Developers, get 'image conscious' for royalty-free image codec JPEG XL
This is a guest post for the Computer Weekly Developer Network written by Dr. Jon Sneyers in his capacity as senior image researcher, Cloudinary.
Dr. Sneyers is the co-chair of JPEG XL adhoc group.
He invented the Free Lossless Image Format (FLIF) upon which JPEG XL is partly based. His image processing ‘Muscles from Brussels’ technology process helps deliver super-optimised images, super-fast.
JPEG XL is a new image codec conceived for delivering high-quality images on the modern web, notable for its high-fidelity compression and progressive rendering. The ‘bitstream freeze’ for the codec’s upcoming version, JPEG XL 0.2, is imminent. At that point, all past and future JPEG XL images will be compatible with future codec versions.
Sneyers writes as follows…
It was acceptable in the 90s
Today’s popular image formats – JPEG, GIF and PNG – were developed in the 80s and 90s when there was no mobile or app traffic, let alone responsive web design or 4K HDR screens. An update was long overdue.
A new image format battle is on.
Over the last decade, newer high-performance image formats like WebP, HEIF, AVIF and JPEG XL have been in the making that are better optimised for today’s digital experiences. I would like to suggest that this is why JPEG XL stands out.
First, let’s look at responsive design.
JPEG XL was designed specifically for images and does not derive from video codecs like WebP (based on VP8), HEIF (based on HEVC) or AVIF (based on AV1). As video codecs only offer sequential decoding, an image is not displayed until it has been fully loaded. Whereas JPEG XL progressively decodes images and shows a low-quality image preview, adding more detail as the data is loading. Also, it is no longer necessary to store variants of an image to serve different devices, browsers or network connections.
High Fidelity – High!
JPEG XL supports wide colour gamut as well as high dynamic range and high bit depth images. In contrast, image formats based on video codecs handle low bitrates very well, producing images that seem to look good at first glance. Upon closer inspection, they can appear ‘plasticy’. That’s fine for videos that show frames for less than 40 milliseconds, but images often require higher quality. JPEG XL’s efficient compression for high-end bitrates prevents the plasticy effects.
The JPEG XL reference encoder produces well-compressed images indistinguishable from the original. Other image formats use encoders that let you select a ‘quality’ setting (1-100) that is not defined perceptually. Consequently, one image might look fine as a quality-60 JPEG while another might still contain annoying artifacts as a quality-90 JPEG.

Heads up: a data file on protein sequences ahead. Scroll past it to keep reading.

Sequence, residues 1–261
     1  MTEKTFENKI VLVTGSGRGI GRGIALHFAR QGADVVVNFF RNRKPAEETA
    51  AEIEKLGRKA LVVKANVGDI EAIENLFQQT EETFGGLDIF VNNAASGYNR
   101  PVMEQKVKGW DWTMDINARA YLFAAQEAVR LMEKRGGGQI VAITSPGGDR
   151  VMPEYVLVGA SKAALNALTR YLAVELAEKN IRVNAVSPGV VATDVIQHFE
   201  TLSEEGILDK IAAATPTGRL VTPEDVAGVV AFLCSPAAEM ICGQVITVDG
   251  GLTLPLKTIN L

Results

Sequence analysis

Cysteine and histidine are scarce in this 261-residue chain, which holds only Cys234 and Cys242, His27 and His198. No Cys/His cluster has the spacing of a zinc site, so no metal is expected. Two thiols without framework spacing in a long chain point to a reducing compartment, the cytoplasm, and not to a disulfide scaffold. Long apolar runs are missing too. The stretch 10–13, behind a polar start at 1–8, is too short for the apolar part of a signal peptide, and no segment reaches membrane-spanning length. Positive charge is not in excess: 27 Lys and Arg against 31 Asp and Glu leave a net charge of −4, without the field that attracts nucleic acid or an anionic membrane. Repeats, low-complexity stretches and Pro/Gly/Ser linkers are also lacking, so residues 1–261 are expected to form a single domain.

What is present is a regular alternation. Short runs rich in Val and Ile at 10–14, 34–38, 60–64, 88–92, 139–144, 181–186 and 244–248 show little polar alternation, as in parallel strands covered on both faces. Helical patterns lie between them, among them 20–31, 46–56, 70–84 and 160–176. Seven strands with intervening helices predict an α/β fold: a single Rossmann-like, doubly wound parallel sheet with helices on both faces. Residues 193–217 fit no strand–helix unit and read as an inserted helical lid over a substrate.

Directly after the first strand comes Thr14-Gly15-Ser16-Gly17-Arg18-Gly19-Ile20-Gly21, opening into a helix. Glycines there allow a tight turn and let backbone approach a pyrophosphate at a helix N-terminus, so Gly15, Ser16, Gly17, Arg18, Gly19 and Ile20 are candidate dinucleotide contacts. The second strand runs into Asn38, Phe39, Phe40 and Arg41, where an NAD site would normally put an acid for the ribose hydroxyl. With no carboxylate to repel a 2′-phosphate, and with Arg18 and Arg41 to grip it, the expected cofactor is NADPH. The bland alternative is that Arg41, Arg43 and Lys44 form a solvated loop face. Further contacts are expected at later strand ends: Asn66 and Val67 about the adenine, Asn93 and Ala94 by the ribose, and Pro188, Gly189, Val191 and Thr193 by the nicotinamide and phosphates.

Across the universe to universality
JPEG XL includes features such as animation, alpha channels, layers, thumbnails, lossless and progressive coding to support a wide range of use cases. For new applications, it supports 360 degree images, image bursts, large panoramas/mosaics, and printing.
Unlike JPEG, it is designed for not just photographic but also non-photographic images (like illustrations, screenshots, game graphics, maps, etc). Developers can also use the format as a local storage and an exchange format for authoring workflows, for which fast and effective lossless compression and high bit depth are important.
How about legacy friendliness then?
JPEG XL includes several features to transition from JPEG images, still used by 72% of websites. This allows developers to reduce storage (servers can store a single JPEG XL file to serve both JPEG and JPEG XL clients) and file size (existing JPEG files can be losslessly transcoded to JPEG XL).
To transition from JPEG, other formats require images to be decoded to pixels and then re-encoded, leading to loss in quality.
Low computational complexity
JPEG XL is designed for computationally efficient encoding and decoding. It uses software implementations that don’t need additional hardware acceleration, even on mobile devices.
I encourage developers to try out JPEG XL but wait for large-scale adoption until the Final Draft International Standard is submitted in 2021.